# Debugging Intermittent Test Failures¶

## What are Intermittents (aka Oranges)?¶

Intermittents are test failures which happen intermittently, in a seemingly random way. Often you’ll write a test that passes fine locally on your computer, but when ran thousands of times on various CI environments (some of them under heavy load) it may start to fail randomly.

Intermittents are also known as Oranges, because the corresponding test jobs are rendered orange on treeherder.

These intermittent failures are tracked in Bugzilla. When a test starts being intermittent a bug is filed in Bugzilla (usually by a Mozilla code sheriff).

Once the bug exists for a given test failure, all further similar failures of that test will be reported as comments within that bug. These reports are usually posted weekly and look like this:

5 failures in 2740 pushes (0.002 failures/push) were associated with this bug in the last 7 days.

See an example here.

Sometimes, tests start failing more frequently and these reports are then posted daily.

To help with the (unfortunately) ever-growing list of intermittents, the Stockwell project was initiated a while ago (read more about the goals of that project on their wiki).

This project defines a scenario where very frequently failing tests get disabled. Ideally, we should try to avoid this, because this means reducing our test coverage, but sometimes we do not have time to investigate the failure, and disabling it is the only remaining option.

## Finding Intermittents¶

You will have no trouble finding out that a particular test is intermittent, because a bug for it will be filed and you will see it in Bugzilla (watching the Bugzilla component of your choice is a good way to avoid missing the failure reports).

However, it can still be useful to see intermittents in context. The Intermittent Failures View on Treeherder shows intermittents ranked by frequency.

You can also see intermittents in Bugzilla. Go to the settings page and enable “When viewing a bug, show its corresponding Orange Factor page”.

## Reproducing Test Failures locally¶

The first step to fix an intermittent is to reproduce it.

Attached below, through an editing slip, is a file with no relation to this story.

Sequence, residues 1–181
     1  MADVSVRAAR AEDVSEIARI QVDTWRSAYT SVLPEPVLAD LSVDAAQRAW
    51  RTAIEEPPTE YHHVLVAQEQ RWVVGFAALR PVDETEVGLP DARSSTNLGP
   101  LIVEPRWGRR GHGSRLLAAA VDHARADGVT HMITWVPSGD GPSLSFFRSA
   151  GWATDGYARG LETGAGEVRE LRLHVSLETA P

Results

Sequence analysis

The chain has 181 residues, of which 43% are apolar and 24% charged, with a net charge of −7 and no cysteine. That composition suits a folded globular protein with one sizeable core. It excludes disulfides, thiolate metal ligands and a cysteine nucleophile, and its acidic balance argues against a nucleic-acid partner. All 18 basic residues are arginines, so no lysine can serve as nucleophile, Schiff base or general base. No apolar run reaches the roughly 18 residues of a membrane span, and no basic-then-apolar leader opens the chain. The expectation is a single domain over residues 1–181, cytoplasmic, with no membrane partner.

Sometimes reproducing the failure can only be done in automation, but it’s worth trying locally, because this makes it much simpler to debug.

First, try running the test in isolation. You can use the --repeat and --run-until-failure flags to mach mochitest to automate this a bit. It’s nice to do this sort of thing in headless mode (--headless) or in a VM (or using Xnest on Linux) to avoid locking up your machine.

Sometimes, though, a test will only fail if it is run in conjunction with one or more other tests. You can use the --start-at and --end-at flags with mach mochitest to run a group of tests together.

For some jobs, but not all, you can get an interactive shell from TaskCluster.

There’s also a handy page of e10s test debugging tips that is worth a read.

Because intermittents are often caused by race conditions, it’s sometimes useful to enable Chaos Mode. This changes timings and event orderings a bit. The simplest way to do this is to enable it in a specific test, by calling SimpleTest.testInChaosMode. You can also set the MOZ_CHAOSMODE environment variable, or even edit mfbt/ChaosMode.cpp directly.

Some tests leak intermittently. Use ac_add_options --enable-logrefcnt in your mozconfig to potentially find them.

The rr tool has its own chaos mode. This can also sometimes reproduce a failure that isn’t ordinarily reproducible. While it’s difficult to debug JS bugs using rr, often if you can reliably reproduce the failure you can at least experiment (see below) to attempt a fix.

## That Didn’t Work¶

If you couldn’t reproduce locally, there are other options.

One useful approach is to add additional logging to the test, then push again. Sometimes log buffering makes the output weird; you can add a call to SimpleTest.requestCompleteLog() to fix this.

You can run a single directory of tests on try using mach try DIR. You can also use the --rebuild flag to retrigger test jobs multiple times; or you can also do this easily from treeherder.

## Solving¶

If a test fails at different places for each failure it might be a timeout. The current mochitest timeout is 45 seconds, so if successful runs of an intermittent are ~40 seconds, it might just be a real timeout. This is particularly true if the failure is most often seen on the slower builds, for example Linux 32 debug. In this case you can either split the test or call requestLongerTimeout somewhere at the beginning of the test (here’s an example).

Sometimes the problem is a race at a specific spot in the test. You can test this theory by adding a short wait to see if the failure goes away, like:

yield new Promise(r => setTimeout(r, 100));


See the waitForTick and waitForTime functions in DevToolsUtils for similar functionality.

You can use a similar trick to “pause” the test at a certain point. This is useful when debugging locally because it will leave Firefox open and responsive, at the specific spot you’ve chosen. Do this using yield new Promise(r => r);.

shared-head.js also has some helpers, like once, to bind to events with additional logging.

You can also binary search the test by either commenting out chunks of it, or hacking in early returns. You can do a bunch of these experiments in parallel without waiting for the first to complete.

## Verifying¶

It’s difficult to verify that an intermittent has truly been fixed. One thing you can do is push to try, and then retrigger the job many times in treeherder. Exactly how many times you should retrigger depends on the frequency of the failure.